42

I've been working on a C# application and wanted to try it out the GitLab CI. All I can see is Ruby and can't find any information on how to build a C# application using it.

When I run the test settings, I make the commit, but I don't have my build.

Enter image description here

How should I make a simple build? Which command could I use for that? I don't mind if I get a failed build (but a build).

  • 3
    Do you have a .gitlab-ci.yml file that you can share? – danielcooperxyz Nov 24 '15 at 12:59
39

I just wanted to share my .gitlab-ci.yml complete with unit testing. You will have to adjust your nuget and possibly other paths. This is for a single project in a solution of the same name.

variables:
  PROJECT_NAME: "ProjectNameGoesHere"
before_script:
  - echo "starting build for %PROJECT_NAME%"
  - echo "Restoring NuGet Packages..."
  - d:\tools\nuget restore "%PROJECT_NAME%.sln"
stages:
  - build
  - test
build:
  stage: build
  script:
  - echo "Release build..."
  - '"C:\Windows\Microsoft.NET\Framework64\v4.0.30319\msbuild.exe" /consoleloggerparameters:ErrorsOnly /maxcpucount /nologo /property:Configuration=Release /verbosity:quiet "%PROJECT_NAME%.sln"'
  artifacts:
    untracked: true
test:
  stage: test
  script:
  - echo "starting tests"
  - cd %PROJECT_NAME%Tests/bin/Release
  - '"C:\Program Files (x86)\Microsoft Visual Studio 14.0\Common7\IDE\MSTest.exe" /testcontainer:%PROJECT_NAME%Tests.dll'
  dependencies:
  - build
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  • 3
    For those reading this comment, you have FIRST to configure your machine to be the runner. Follow the guide of Prasanth Louis below, and especially the link gitlab.com/gitlab-org/gitlab-ci-multi-runner/blob/master/docs/… (because there were updates). Only then you can use this .gitlab-ci.yml. – corentinaltepe Dec 2 '16 at 6:31
  • 1
    @corentin Thank you for including this. Yes and you will need visual studio installed on your build machine as I believe MSTest is part of it. – Jeff Dec 6 '16 at 19:07
  • 2
    Please consider submitting your example to the GitLab CI Yml project. – bbodenmiller Jan 27 '17 at 19:21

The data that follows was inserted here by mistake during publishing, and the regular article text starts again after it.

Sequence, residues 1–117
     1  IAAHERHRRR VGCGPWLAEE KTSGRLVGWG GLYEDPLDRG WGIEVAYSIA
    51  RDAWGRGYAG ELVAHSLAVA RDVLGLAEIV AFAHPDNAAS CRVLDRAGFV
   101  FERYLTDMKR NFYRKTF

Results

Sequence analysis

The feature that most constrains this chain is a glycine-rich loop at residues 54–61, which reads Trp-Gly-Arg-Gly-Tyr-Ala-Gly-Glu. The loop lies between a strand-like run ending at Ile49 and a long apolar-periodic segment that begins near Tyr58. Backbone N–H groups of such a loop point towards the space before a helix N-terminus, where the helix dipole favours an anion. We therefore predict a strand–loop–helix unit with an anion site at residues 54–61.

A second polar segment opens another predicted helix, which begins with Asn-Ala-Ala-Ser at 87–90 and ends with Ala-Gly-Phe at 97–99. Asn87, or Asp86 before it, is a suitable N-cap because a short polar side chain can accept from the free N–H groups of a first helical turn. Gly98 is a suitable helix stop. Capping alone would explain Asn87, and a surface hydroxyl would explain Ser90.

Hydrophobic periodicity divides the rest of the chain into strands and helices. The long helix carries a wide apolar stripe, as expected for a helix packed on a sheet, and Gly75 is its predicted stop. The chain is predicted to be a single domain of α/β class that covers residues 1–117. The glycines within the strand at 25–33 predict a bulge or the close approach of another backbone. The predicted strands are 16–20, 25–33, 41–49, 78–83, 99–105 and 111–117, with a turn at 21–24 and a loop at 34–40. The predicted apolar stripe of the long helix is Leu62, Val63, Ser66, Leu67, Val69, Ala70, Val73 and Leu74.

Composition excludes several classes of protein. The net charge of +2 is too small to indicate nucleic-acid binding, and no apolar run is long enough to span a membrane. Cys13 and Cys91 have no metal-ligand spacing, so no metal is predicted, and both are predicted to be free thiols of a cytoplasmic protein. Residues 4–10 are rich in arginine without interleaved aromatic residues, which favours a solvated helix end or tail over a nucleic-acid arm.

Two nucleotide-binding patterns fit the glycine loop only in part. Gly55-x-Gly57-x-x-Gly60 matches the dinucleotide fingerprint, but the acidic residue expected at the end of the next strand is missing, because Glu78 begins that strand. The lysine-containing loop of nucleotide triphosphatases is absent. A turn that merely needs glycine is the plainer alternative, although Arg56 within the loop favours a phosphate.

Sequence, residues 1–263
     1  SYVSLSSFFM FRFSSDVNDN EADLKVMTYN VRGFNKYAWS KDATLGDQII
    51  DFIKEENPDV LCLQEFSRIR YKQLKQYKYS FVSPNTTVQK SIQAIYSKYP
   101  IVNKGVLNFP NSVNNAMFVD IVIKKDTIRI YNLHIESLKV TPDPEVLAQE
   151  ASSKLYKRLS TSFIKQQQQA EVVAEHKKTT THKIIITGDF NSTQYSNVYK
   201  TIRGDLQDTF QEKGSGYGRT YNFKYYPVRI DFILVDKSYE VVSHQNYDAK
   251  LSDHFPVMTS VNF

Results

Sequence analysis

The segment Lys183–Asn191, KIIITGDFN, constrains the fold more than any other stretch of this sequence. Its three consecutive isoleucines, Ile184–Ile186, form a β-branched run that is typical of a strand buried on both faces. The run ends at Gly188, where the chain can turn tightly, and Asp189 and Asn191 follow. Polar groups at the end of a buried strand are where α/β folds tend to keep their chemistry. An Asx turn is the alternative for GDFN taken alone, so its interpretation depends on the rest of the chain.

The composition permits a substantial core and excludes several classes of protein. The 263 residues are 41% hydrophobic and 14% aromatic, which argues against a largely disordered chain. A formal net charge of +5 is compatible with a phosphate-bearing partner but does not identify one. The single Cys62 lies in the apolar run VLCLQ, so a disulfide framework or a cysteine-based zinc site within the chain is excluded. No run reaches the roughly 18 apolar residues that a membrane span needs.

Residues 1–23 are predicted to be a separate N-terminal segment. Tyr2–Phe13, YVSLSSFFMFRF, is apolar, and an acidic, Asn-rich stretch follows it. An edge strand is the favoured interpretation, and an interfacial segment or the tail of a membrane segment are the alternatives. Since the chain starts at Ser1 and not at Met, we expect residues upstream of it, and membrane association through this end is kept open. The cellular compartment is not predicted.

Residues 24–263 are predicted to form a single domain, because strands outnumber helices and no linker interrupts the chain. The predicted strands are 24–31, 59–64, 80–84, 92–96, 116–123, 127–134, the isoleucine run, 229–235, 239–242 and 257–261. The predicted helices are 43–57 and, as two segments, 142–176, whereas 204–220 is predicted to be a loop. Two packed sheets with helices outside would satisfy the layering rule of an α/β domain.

• my project build successfully but removes all untracked files, including needed bin/ folders for testing.. something strange with artifacts: untracked: true? – fiorebat Sep 3 '18 at 15:43
  • 1
    @fiorebat If they are not tracked by git they should be added as per docs.gitlab.com/ee/ci/yaml/#artifacts-untracked If you are checking in dll files to git then you will have to tweak this or ask yourself why you are not pulling them from nugget. – Jeff Sep 4 '18 at 15:34
20

In order to build a C# application you should have a Windows runner (with shell executor) configured for a project in GitLab CI.

Your .gitlab-ci.yml file should look something like that:

stages:
  - build

job:
  stage: build
  script:
  - echo "Restoring NuGet Packages..."
  - '"c:\nuget\nuget.exe" restore "MySolution.sln"'
  - ''
  - echo "Release build..."
  - C:\Windows\Microsoft.NET\Framework64\v4.0.30319\msbuild.exe /consoleloggerparameters:ErrorsOnly /maxcpucount /nologo /property:Configuration=Release /verbosity:quiet "MySolution.sln"
  tags:
  except:
  - tags

On a Windows machine you need the following tools:

  • Runner installed
  • Git, added to PATH
  • Latest nuget.exe at C:\nuget (or somewhere else. Just make sure you got the path right in the .gitlab-ci.yml file)
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  • I'm sorry, what do you mean with 'git, added to PATH'? – E. van der Spoel Dec 1 '15 at 13:30
  • 1
    Got it, it's for Windows to know where git is located so the git can be executed as shell. – E. van der Spoel Dec 1 '15 at 14:04
  • 2
    Your path to msbuild doesn't work if there is a space in it. – Jeremy Dec 8 '15 at 19:47